The Savage Sporter was bought on line, with a scope during a Promotional sale. After rebate it cost me $279....My plan was to shoot it, and then mess with it to see how accurate I could make a simple, inexpensive, hunting rifle. IMR4350 / Sierra 140g in Lapua small primer brass and off to the range I go....First three shots from a brand new, unfired barrel went into literally one hole...I thought the rifle was missing the paper! I had to shoot a second group to be sure. That group was 3/8"! No way I was going to improve upon this rifle.....The Thompson Compass was also a promotional deal. $299....and the Savage Varmint was a Cabelas special.....$399.....The Remington 700 started out as another Cabelas deal for $349.....I put it in a fancy MagPull stock and added an Athlon first focal plane scope and it is an amazing 500yd gun (The longest range I have available to me).......I've been a 6PPC and 6BR benchrest shooter for over 30 years. But I've never seen such and easy to afford, easy to load, easy on recoil, amazingly accurate, medium to larger game and long distance target cartridge like the 6.CM.......
  5. Flatbow
    Thanks for the great article. I see you like the Lapua sm primer brass as do I. However, I have heard of some having issues with the sm primers causing miss or hang fires especially in cold weather. I have not had this problem myself but have seen where the powder and primer companys recommend large primer brass. Have you had any of these issues?
    wondering if I should think about changing brass
  6. mogfan
    Excellent article - I'm a fan of both the Creedmoor and the 6.5 x 284. I've had great success with the Hornady 129 Interbond on antelope, deer and elk.
  7. coyotemaster
    I agree 100% on the get closer if you can theme. The more you shoot long the more you realize things can and do to South on occasion.
      PCarr and Idaho Lefty like this.
  8. Allen Kitts
    Loved the article! Can you tell me why you settled on the Accubonds vs the Berger VLD's. Did they shoot better for you? I have a 6.5 x 284 and it shoots all of the loads I have tried to less than 1moa but the load the factory recommended is very accurate but quite slow. I have not tried the Accubonds due to complaints from friends about them blowing up on game. It appears you have tried them a considerable amount and find them to be sufficient for hunting so any info you could give me would be greatly appreciated. Thanks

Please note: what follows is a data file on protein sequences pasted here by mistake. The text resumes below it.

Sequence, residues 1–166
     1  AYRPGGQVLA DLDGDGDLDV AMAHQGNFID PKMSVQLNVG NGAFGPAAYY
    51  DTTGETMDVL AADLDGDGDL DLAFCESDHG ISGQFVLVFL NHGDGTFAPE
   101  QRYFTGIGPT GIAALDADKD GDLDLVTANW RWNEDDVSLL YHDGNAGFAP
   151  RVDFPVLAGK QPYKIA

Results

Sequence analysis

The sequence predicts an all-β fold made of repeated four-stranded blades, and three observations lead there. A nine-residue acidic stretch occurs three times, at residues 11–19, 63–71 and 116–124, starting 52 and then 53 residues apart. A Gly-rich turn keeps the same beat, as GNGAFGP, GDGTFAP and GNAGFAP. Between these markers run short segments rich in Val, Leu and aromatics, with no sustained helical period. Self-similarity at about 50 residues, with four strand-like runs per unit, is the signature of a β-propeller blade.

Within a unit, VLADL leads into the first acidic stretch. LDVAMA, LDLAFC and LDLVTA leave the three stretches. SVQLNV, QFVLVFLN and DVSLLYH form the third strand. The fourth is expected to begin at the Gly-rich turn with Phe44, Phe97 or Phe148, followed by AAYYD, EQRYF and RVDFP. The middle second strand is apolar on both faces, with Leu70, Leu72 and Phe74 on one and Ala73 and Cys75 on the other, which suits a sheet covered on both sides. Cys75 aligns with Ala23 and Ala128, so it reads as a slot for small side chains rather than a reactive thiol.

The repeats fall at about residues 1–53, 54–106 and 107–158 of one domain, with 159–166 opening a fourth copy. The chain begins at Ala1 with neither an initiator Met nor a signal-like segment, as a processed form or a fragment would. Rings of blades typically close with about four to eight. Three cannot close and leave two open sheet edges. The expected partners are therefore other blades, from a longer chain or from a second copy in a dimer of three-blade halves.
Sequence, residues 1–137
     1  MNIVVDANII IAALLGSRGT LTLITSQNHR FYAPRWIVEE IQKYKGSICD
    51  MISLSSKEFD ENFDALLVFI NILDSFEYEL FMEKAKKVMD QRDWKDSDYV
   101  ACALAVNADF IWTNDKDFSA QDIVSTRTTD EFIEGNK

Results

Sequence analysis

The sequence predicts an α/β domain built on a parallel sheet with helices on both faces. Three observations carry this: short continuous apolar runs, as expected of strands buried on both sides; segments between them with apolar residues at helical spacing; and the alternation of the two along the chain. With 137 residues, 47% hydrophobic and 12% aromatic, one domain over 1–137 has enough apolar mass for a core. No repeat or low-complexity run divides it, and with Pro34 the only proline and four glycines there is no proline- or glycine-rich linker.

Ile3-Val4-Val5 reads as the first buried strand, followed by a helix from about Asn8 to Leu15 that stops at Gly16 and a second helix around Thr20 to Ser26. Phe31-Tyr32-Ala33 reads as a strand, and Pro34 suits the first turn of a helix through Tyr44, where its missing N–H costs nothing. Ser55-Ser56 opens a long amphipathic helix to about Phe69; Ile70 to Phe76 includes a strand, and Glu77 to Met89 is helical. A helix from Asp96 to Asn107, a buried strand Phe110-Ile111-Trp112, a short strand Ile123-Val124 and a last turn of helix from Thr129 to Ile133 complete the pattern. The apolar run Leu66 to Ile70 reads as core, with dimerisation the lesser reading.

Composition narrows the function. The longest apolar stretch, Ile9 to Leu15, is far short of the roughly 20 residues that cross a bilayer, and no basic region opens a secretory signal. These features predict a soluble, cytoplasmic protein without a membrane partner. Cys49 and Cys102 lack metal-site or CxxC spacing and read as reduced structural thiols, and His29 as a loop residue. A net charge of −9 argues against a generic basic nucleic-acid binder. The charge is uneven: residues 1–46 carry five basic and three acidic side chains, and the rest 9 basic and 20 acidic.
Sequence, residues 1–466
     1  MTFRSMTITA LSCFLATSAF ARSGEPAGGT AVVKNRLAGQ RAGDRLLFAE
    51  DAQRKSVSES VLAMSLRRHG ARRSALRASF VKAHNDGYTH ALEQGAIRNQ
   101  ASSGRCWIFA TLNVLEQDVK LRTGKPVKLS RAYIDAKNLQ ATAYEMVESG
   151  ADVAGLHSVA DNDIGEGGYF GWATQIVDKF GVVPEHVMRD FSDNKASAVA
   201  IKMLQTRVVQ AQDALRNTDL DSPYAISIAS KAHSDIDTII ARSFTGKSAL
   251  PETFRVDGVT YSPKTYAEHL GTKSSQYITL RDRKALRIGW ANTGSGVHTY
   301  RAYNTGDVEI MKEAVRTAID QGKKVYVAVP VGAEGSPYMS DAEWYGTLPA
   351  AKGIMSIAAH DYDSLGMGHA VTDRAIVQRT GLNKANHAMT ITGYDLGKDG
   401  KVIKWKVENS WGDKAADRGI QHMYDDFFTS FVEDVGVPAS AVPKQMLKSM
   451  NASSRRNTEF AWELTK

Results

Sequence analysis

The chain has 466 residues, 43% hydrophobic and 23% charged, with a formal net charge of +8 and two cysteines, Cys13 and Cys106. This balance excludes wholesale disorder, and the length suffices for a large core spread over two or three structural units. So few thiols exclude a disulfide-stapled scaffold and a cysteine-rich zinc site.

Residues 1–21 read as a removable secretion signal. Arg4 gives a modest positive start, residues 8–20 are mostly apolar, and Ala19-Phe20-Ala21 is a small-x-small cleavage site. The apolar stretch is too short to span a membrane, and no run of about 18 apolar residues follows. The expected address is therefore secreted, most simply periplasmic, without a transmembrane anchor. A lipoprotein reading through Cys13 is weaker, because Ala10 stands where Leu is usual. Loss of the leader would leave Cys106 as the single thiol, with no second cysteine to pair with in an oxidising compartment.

1. Idaho Lefty
      Not Darrell but,..
      The ABLR's are designed to expand, down to 1,300 FPS, and YES lots of complaints, on those ! The Regular AB's expand down to 1,800 FPS, in 140 gr. .277 size. I shot an Elk at 65 yards with, my .270 WSM load, going 3,150 FPS and the bullet did NOT, "blow up"! Got a 1 1/2 inch exit hole thru, top of, far shoulder blade. Minimal "blood shot" meat,.. lost about, 1 to 2 pounds Max. the Elk jumped 2X,.. DEAD! Very accurate bullet,.. Love em.
  9. Wild_Bill
    I find it interesting that the 260 Rem was not mentioned. The 260 does what the CM does at lower pressure or can be run slightly harder and also is available in factory form.

    The 6.5 has won by marketing and the prs community. Now in prs the 6.5s are all loosing favor to 6mms as they now have electronic target indicators.
    The CM is a good round however it is nothing special the 260 has done it for years. Here we have limits on calibers for large deer and .270 min cal 130gr min projectile so even a 264 win mag isnt legal for the larger deer. However my son has a 7mm08 and that works just fine for moderate ranges.
    1. Dog Rocket
      And the 260 didn't do anything the 6.5x55 couldn't have done.

      The issue was never capability. It was industry support. Marketing and support go hand in hand. Who killed the 260? Remington did. They started choking the life out of it the day it was born.
    2. Pmacc60
      Remington has done more damage to thier products . than anything else. For most of us the 260 Rem or the 6.5 X 55 serve just as well with the exception of the availability of of rifles now in the chambering of 6.5 creedmoor
    3. ndking1126
      The precision shooting/PRS community originally jumped on the 260 Rem bandwagon. I'm not sure why they switched over to the 6.5C, because they don't seem like the crowd that buys something because it's what every wants. But regardless, 260 Rem should be the popular cartridge and Remington owns 100% of the blame for the 6.5C winning. Oh well, I can reload, so my 260 stays happy!
  10. FEENIX
    Nicely done! Enjoyed it, very relatable.
      Holycity73 and Idaho Lefty like this.